[8.Nd5 Nb6 9.Nxb6 axb6 10.c3 was how the game last Thursday went. Carlsen mated White in 33 moves. Svidler, P. (2737)-Carlsen, M. (2845) Karlsruhe/Baden Baden 2019]
8…Nb6 9.Ba2 0–0 10.Ne3 Be6 11.Ncd5 Bg5
With Black’s pawns on c5, d6 and e5 this bishop does not have much scope so it is a good idea to exchange it for another piece, preferably his counterpart dark-squared bishop.
Since he cannot exchange his bishop for its opposite number on c1 Carlsen decides to undermine the white’s knight’s outpost on d5.
[13.Bxe3 Bxd5 14.exd5 Ne7 15.c4 is ok for Black. He will continue with …f7–f5 and then go for a kingside assault. Smirnov,V (2411)-Zhigalko,S (2316) Minsk 2002 1/2 33]
13…Ne7 14.c4 f5 15.Bd2 Bxd5 16.exd5 Nd7 17.b4 b6 18.Bb3 Ng6 19.Ba4 Qe7 20.Bc6 Rad8 21.Qa4 Nf6 22.bxc5
What is wrong with capturing the “free” pawn on f5? You will see why next move when Karjakin really does take it.
22…bxc5 23.Rxf5? e4 24.Qc2 Ng4 25.Raf1 Rxf5 26.Rxf5 Qh4
27.h3 Nxe3! 28.Bxe3 Qe1+ 29.Kh2 Qxe3 30.dxe4 Nf4
Black will follow-up with either …Ne2 (targeting g3) or …Rb8 and penetration down the b-file.
31.Qb2 Qxe4 32.Bd7?
Setting a trap, hoping for 32…Rxd7 33.Qb8+ followed by checkmate.
Karjakin loses a crucial piece.
33.Rf6 Nd3 34.Qc3
34…Rxd7 35.Re6 Qf4+ 0–1
Wei, Yi (2737) — Carlsen, Magnus (2867) [B22]
Ivory Coast Rapid Abidjan (9.1), 10.05.2019
1.e4 c5 2.Nf3 Nc6 3.c3 Qa5!?
You read from your beginner’s books that you shouldn’t bring the queen out early because the queen can easily be chased by pawns and minor pieces in the opening. Every time your opponent develops a piece with tempo while you have to move the queen, you fall one tempo behind. That’s very dangerous in the opening.
As I have been continuously preaching that is a fallacy, especially in the faster time controls. Bring your queen out early but choose the circumstances, don’t let it get pushed around by your opponent’s pieces, and more often than not you will be able to get a king attack going on.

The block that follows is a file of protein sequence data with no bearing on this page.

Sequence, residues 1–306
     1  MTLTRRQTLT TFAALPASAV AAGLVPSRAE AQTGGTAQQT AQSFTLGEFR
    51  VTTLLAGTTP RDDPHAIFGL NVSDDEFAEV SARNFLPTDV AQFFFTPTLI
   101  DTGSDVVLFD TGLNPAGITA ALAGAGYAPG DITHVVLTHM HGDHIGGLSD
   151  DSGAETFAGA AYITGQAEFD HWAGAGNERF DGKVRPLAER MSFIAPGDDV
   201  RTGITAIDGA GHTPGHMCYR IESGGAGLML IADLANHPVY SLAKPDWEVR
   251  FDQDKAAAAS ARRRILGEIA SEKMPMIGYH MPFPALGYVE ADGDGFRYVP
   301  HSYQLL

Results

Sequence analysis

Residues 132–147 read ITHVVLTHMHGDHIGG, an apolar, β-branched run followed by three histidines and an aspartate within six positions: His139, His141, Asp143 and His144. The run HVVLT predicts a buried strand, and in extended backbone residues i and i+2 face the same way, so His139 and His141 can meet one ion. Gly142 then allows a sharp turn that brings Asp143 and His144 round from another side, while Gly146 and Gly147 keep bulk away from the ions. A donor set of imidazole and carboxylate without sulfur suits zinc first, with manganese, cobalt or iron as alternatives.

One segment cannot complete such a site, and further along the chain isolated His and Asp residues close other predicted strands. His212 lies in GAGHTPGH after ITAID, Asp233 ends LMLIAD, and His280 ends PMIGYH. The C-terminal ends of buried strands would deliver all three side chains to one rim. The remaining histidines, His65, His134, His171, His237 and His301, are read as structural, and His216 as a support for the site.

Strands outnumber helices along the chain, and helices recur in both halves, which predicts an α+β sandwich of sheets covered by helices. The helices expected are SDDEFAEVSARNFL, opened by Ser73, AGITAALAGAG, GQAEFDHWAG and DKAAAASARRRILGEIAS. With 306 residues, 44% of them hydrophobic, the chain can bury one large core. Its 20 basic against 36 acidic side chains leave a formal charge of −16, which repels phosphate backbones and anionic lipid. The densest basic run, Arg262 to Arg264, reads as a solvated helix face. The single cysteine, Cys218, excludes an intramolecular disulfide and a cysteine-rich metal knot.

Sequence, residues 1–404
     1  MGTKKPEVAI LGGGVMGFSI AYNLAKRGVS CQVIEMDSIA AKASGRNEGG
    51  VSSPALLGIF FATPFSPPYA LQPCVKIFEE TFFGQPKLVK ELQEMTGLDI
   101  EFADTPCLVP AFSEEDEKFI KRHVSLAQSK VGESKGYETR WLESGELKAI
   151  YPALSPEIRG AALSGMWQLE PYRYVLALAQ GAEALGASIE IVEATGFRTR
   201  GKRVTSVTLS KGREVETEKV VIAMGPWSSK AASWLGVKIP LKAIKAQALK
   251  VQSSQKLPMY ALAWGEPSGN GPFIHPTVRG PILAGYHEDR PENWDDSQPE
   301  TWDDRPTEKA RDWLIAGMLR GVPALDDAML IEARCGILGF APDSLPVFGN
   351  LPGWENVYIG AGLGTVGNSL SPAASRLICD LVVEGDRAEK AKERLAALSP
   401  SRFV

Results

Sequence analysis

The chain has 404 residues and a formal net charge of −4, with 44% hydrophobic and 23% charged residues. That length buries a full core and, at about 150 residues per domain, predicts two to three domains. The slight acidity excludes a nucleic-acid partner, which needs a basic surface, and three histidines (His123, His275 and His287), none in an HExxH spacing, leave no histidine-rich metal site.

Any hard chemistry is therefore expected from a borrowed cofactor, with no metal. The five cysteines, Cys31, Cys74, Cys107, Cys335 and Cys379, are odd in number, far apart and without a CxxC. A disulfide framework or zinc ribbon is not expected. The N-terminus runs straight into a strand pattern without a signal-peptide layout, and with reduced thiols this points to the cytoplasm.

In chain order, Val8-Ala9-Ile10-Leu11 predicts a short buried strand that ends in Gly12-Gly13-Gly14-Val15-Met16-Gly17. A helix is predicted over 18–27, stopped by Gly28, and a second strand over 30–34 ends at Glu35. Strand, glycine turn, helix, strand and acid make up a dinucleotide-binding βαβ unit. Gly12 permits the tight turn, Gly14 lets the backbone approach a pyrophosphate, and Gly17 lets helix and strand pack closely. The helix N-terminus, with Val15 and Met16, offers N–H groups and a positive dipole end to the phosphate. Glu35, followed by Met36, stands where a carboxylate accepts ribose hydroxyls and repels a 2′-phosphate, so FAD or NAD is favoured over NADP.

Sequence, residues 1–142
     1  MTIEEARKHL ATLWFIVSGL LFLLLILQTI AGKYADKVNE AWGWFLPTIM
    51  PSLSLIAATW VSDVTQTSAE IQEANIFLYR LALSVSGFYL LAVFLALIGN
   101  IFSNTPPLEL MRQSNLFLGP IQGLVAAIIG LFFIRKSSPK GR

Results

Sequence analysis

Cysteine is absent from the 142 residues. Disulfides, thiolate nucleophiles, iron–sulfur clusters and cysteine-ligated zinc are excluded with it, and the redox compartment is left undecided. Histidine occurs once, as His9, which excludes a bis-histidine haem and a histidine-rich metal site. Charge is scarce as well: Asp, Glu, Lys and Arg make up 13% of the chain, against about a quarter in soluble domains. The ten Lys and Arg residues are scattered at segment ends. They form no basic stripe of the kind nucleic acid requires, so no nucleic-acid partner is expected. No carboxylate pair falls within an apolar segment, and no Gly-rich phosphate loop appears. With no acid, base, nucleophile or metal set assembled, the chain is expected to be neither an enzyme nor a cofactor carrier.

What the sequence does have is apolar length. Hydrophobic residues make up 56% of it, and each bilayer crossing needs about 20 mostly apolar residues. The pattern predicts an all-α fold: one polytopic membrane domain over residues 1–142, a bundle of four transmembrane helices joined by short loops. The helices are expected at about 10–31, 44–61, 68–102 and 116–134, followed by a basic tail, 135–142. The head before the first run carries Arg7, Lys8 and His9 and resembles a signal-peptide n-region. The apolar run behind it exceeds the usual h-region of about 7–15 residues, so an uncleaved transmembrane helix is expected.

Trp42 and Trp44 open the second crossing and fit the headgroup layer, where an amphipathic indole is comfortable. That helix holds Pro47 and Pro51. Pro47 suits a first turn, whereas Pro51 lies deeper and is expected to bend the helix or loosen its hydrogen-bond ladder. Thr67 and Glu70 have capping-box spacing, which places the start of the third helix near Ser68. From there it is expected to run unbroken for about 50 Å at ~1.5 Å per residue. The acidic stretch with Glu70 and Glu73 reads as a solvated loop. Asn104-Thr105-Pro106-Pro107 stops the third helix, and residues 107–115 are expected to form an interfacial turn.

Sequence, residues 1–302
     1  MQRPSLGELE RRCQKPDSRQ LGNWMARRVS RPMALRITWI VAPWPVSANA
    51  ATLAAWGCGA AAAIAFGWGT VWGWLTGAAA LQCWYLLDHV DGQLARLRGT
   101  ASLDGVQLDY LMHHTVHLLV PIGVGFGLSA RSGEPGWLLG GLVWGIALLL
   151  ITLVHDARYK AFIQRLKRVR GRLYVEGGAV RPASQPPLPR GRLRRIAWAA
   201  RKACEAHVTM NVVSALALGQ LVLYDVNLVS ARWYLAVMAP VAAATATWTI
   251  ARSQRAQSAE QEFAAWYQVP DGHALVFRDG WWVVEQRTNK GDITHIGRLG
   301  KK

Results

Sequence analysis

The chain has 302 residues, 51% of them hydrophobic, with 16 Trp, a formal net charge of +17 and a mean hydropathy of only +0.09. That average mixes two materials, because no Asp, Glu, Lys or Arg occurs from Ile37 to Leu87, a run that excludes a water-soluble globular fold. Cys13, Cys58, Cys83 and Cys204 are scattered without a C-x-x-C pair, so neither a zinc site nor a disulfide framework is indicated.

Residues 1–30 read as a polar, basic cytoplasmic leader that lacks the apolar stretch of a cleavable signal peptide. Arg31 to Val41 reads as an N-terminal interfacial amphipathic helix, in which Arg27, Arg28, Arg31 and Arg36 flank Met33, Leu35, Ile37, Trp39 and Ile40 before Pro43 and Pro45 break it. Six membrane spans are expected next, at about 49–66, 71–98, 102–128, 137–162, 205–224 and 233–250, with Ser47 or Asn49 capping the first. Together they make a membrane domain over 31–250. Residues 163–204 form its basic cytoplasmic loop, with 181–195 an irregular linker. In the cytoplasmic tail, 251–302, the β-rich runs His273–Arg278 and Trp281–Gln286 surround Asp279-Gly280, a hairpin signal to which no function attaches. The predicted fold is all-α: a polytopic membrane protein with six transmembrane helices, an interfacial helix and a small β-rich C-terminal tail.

By the way, playing …Qa5 in response to the Sicilian used to be a specialty of former junior standout Robert Arellano. Wonder how he is doing now?
4.Na3 e6 5.Nc4 Qd8 6.d4 d5 7.exd5 exd5 8.Nce5 Bd6 9.Be3 c4 10.b3 cxb3 11.axb3 Nge7 12.Bd3 Bf5 13.0–0 0–0 14.Bf4 Bxe5 15.Nxe5 Nxe5 16.Bxf5 N5g6 17.Bg5 Qc7 18.Bxg6 Nxg6 19.Qf3 Qd7 20.Ra5 b5 21.Rfa1 h6 22.Bd2 Rfe8 23.Qd3 a6!
Black’s offbeat 3rd move made Wei Yi use up a lot of time, something he did not have a lot of this being a Rapid game. Anyway, now he shouldn’t have accepted the “free” pawn on a6.
24.Rxa6?! Rxa6 25.Rxa6 Nf4! 26.Qf3
26…Qf5! 27.Ra1 Ne2+ 28.Kf1 Qc2 29.Qxe2?
Wei Yi thought that giving up his queenside pawns with 29.Be3 Nxc3 30.g3 Qxb3 is an easy win for Black and decides to gamble a little, giving up his queen for rook and knight. In reality after 31.Ra7! things are not so simple for Black.
29…Rxe2 30.Kxe2 Qe4+ 31.Kf1
Wei Yi now tries to build a fortress which hopefully Black cannot penetrate. Magnus Carlsen once said he doesn’t believe in fortresses and he now goes on to prove it.
31…Qc2 32.Ke2 Qxb3 33.Rc1 Qc4+ 34.Ke3 Qc7 35.f4 Qe7+ 36.Kf2 Qe4 37.Re1 Qd3 38.Re2 f6 39.Ke1 Kf7 40.Re3 Qb1+ 41.Kf2 h5
Yes, that’s the way to break fortresses. Make the war be on two fronts, don’t concentrate on only one.
42.h3 h4 43.Be1 Kg6 44.Rf3 Kf5 45.Ke2 Qe4+ 46.Kf1 b4 47.cxb4 Qxd4 48.Bxh4 Qc4+ 49.Kg1 Qxb4 50.Kf1 Qc4+ 51.Kg1 Qe2 52.Bf2 d4 53.Bxd4 Qd1+ 54.Kh2 Qxd4 55.Rf1 g6 56.Rf3 Qd2 57.Rf1 Ke4 58.Rf3 Qe2 59.Rg3 Qh5 60.Rg4 Ke3 0–1
Bobby Ang is a founding member of the National Chess Federation of the Philippines (NCFP) and its first Executive Director. A Certified Public Accountant (CPA), he taught accounting in the University of Santo Tomas (UST) for 25 years and is currently Chief Audit Executive of the Equicom Group of Companies.